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An innovative program tests tumors against hundreds of drugs in a search for new therapies for patients with advanced cancers

Coming in to work one morning last spring, Ines Lohse, Ph.D., an assistant scientist at the Center for Therapeutic Innovation (CTI) at the Miller School of Medicine, found the red light on her office telephone lit, indicating that she had missed calls. When she lifted the receiver to retrieve them, she discovered that she didn’t have two or three missed calls — she had more than 500.

Almost all the calls were from the parents of children who were desperately ill with some type of cancer. Dr. Lohse had just returned from a conference where she had spoken about the CTI’s novel program in which scientists try to match tumor samples to more than 200 FDA-approved drugs in an effort to offer new treatment options to patients who have exhausted standard therapies. She handed out a few business cards, the word spread, and her phone began ringing.

Dr. Lohse had additional calls on her cell phone. She says she listened to messages and spoke with a number of the callers, spending the better part of two days on the phone.

“You could hear the desperation in their voices,” Dr. Lohse said, “and you have to be careful not to give them false hope. What we are doing is highly experimental. We are bound by protocols, and we can only accept certain patients. Most did not qualify because they had not yet tried all of the standard treatments, or they had no means, such as through upcoming surgery, to obtain tumor material.”

Over the past 50 years, oncologists have developed a complex manual to address cancer. These national standards guide treatment based on a tumor’s organ of origin, genomic mutations and other factors. With these inputs, an oncology team can recommend chemotherapies, targeted treatments, immunotherapy, surgery, radiation or all of the above.

If the cancer comes back, there are usually second-line treatments and then even thirdline approaches. But at some point, depending on the type and nature of the malignancy, the cancer overcomes the standard of care and patients run out of options. Oncologists call those cancers refractory.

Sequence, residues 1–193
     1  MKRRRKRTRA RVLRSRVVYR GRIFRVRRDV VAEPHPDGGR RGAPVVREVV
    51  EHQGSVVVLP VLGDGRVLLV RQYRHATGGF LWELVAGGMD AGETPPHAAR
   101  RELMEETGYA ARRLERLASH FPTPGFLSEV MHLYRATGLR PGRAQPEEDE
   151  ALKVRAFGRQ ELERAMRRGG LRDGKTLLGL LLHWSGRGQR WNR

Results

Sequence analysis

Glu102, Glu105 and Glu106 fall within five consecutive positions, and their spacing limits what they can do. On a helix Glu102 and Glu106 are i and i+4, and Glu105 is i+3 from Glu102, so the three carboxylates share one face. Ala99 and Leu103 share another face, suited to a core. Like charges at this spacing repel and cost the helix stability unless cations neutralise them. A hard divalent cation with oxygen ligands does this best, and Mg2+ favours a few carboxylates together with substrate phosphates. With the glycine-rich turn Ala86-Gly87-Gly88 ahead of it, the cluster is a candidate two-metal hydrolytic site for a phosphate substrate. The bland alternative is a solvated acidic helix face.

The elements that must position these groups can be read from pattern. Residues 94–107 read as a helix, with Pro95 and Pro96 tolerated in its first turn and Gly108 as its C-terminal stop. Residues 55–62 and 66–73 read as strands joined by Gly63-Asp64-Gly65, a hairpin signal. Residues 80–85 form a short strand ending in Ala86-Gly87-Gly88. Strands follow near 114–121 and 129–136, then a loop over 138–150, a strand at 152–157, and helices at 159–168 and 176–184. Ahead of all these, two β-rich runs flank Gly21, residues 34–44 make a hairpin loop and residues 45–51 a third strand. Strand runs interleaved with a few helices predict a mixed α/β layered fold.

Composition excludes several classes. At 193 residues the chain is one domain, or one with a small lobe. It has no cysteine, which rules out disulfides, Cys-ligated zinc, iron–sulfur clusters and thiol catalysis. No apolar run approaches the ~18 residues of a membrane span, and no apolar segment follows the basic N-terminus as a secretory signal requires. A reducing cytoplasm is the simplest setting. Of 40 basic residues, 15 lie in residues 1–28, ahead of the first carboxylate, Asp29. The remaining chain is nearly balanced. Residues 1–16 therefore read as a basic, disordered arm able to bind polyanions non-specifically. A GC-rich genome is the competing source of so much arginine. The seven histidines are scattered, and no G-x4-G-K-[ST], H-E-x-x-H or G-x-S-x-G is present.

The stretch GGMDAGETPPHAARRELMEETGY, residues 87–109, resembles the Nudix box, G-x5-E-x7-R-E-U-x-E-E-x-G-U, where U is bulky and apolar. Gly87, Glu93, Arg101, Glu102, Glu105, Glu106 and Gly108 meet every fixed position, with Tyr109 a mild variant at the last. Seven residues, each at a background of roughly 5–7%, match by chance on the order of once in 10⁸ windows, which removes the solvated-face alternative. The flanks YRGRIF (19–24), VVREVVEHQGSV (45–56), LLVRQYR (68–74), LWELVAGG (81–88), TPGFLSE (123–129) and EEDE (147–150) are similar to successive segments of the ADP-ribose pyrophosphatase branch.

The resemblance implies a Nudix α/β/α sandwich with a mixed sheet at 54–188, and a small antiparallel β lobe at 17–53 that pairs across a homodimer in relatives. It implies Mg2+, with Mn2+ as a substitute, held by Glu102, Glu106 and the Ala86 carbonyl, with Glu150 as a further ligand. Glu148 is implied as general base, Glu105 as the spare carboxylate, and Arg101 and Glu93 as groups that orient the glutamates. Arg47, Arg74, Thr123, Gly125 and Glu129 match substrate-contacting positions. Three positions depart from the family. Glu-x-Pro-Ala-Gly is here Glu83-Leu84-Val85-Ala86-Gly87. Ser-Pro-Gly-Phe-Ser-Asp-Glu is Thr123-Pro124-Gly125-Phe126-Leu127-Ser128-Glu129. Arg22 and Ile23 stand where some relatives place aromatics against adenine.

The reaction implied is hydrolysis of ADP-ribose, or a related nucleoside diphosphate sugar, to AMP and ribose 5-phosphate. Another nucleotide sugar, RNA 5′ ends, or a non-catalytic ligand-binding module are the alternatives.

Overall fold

From there, choosing treatments is as much guesswork as science. Clinicians can sequence a tumor’s genome to identify its driving mutations, but an advanced cancer could have many, making it difficult to know which ones to target.

“Few cancers are amenable to being fixed by a drug against a single driver,” said Claes Wahlestedt, M.D., Ph.D., professor, CTI director and associate dean for therapeutic innovation. “Those cases are probably almost all exhausted — we are stuck with cancers that are more complex.”

But now, to better manage refractory cancers, researchers and clinicians at Sylvester Comprehensive Cancer Center, which was recently named a National Cancer Institute-designated cancer center, are trying a different approach — testing tumor samples against hundreds of potential treatments.

“Far too often the cancer comes back and the physician has no clear idea what to do,” Dr. Wahlestedt said. “Genetic testing doesn’t give you the answer. Why not test every available drug the doctor, in theory, could give the patient? For people who have exhausted standard of care, it’s a logical option.”

“In a few cases, we have been able to find a match and provide viable treatment options. For me … an outcome like that is incredibly rewarding.”
— Shaun Brothers, Ph.D.

There’s nothing new about testing potential treatments on patient samples. But cancers are much more complex than most conditions, and applying this approach to tumors is no small task. The Sylvester team is the first to take a comprehensive approach to the problem.